By Catherine Saillant, Los Angeles Times
November 27, 2011, 10:54 p.m.

It’s business as usual at Santa Ana City Hall as residents trickle up to the counter to pay business fees, pick up a dog license or, in a newer wing next door, apply for a free solar permit.

But on the top floor of the eight-story concrete fortress, city officials in Orange County’s most labor-friendly city are doing the once unthinkable: demanding big benefit concessions from their employee unions.

Getting a handle on pension costs in the county’s largest city is a must, officials here say. Santa Ana is facing a $30-million deficit, has only $300,000 in reserves and is jettisoning jobs by the dozens to keep its head above water. Last year, the city paid out about $11.3 million for employee pension costs.

Now the city and scores of others around the state are getting a potential assist from Gov. Jerry Brown, who is calling for sweeping reforms in public-employee pensions. Santa Ana is among the cities that would see the most significant cost reductions if workers were required to pick up more of their retirement costs.

A Times analysis based on 2009 payrolls shows that cities and counties in California would save an estimated $1.3 billion if local government workers statewide paid what the governor’s office determines to be the normal employee share of pension contributions. Brown says workers should be contributing about 8% of their paychecks to their own retirement. Police and firefighters, who have more generous pensions, should pay about 9%, Brown says.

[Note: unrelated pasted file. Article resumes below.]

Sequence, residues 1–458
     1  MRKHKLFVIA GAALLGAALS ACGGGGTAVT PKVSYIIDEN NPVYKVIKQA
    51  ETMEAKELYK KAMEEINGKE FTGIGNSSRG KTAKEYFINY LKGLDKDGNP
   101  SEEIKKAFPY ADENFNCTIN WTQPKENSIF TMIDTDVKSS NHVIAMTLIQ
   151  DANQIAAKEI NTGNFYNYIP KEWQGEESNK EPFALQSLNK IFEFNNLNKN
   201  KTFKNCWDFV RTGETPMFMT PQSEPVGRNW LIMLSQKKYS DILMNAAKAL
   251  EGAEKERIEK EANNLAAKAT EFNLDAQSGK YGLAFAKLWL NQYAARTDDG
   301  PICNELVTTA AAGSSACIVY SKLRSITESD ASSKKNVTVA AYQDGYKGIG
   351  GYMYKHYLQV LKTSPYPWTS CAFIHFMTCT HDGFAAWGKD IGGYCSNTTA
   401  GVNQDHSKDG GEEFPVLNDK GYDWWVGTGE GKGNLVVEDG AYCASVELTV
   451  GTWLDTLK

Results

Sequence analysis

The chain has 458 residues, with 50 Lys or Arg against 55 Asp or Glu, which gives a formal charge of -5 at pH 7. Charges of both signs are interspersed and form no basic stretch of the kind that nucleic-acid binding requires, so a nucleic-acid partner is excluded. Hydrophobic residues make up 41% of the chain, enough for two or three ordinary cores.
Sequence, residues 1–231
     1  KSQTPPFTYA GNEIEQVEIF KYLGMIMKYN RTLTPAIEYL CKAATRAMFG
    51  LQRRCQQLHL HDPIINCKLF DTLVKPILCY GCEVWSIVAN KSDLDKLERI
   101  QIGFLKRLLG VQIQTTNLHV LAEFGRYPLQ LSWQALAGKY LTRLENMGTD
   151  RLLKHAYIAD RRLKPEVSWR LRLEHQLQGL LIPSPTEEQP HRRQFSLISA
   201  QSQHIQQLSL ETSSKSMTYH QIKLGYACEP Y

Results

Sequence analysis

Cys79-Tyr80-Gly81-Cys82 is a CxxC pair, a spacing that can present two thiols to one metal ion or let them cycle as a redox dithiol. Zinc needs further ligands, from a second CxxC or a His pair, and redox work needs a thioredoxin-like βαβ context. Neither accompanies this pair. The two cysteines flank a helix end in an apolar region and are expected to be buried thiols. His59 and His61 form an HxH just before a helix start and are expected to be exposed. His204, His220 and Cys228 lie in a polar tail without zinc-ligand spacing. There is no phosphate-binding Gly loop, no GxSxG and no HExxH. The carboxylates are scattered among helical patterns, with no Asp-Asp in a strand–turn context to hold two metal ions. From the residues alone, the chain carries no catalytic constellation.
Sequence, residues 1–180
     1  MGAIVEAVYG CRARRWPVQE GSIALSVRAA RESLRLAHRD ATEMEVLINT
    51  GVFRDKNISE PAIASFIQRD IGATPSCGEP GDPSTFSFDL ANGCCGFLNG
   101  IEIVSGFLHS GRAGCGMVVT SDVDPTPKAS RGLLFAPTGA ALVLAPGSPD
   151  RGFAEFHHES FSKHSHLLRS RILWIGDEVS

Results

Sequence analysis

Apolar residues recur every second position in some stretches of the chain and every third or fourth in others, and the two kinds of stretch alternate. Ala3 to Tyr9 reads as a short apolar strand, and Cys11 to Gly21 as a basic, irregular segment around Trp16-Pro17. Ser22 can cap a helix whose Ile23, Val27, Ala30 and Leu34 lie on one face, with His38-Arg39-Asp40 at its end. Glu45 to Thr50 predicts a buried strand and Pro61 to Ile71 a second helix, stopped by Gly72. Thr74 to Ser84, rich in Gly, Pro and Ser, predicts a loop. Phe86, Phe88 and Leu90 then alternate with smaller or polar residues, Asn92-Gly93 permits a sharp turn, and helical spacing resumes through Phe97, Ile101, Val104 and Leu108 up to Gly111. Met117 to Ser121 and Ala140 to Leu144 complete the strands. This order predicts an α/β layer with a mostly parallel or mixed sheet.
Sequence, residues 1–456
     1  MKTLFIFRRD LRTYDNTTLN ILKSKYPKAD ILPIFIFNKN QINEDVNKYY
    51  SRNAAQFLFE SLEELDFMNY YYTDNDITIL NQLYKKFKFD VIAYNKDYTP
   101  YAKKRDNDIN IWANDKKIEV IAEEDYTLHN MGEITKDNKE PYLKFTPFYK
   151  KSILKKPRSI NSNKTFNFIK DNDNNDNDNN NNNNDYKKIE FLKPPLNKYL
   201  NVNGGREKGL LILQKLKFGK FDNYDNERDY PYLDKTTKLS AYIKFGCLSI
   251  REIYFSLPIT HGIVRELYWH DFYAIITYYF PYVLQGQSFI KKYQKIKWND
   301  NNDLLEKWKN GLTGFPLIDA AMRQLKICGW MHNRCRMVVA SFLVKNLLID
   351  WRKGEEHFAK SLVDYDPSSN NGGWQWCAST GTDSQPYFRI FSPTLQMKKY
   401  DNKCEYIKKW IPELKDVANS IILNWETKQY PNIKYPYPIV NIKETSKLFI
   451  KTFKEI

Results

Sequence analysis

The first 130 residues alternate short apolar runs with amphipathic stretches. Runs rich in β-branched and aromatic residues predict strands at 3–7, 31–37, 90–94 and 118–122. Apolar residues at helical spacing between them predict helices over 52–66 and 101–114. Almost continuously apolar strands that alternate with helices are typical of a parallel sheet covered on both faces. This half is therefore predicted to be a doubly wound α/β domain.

In Santa Ana, a densely packed city of 320,000 where nearly one-fifth of the residents live at the poverty line, there would be an immediate annual savings of $4.5 million if workers paid their normal share, officials said. Santa Ana was already negotiating to get employees to pay more of their pension costs when Brown made his proposal, said Paul Walters, the city’s longtime police chief who is filling in as city manager.

“Anything that helps that along is good for us, definitely,” Walters said. “Every little bit helps.”

Newport Beach, Fullerton, Santa Monica and Long Beach are taking a similar hard-line approach to gain concessions on retirement costs. Like Santa Ana, all have been generous in picking up pension costs in the past.

In Los Angeles, city and county employees are already required to contribute nearly all of the normal employee portion. But under Brown’s plan, they could be required to kick in more.

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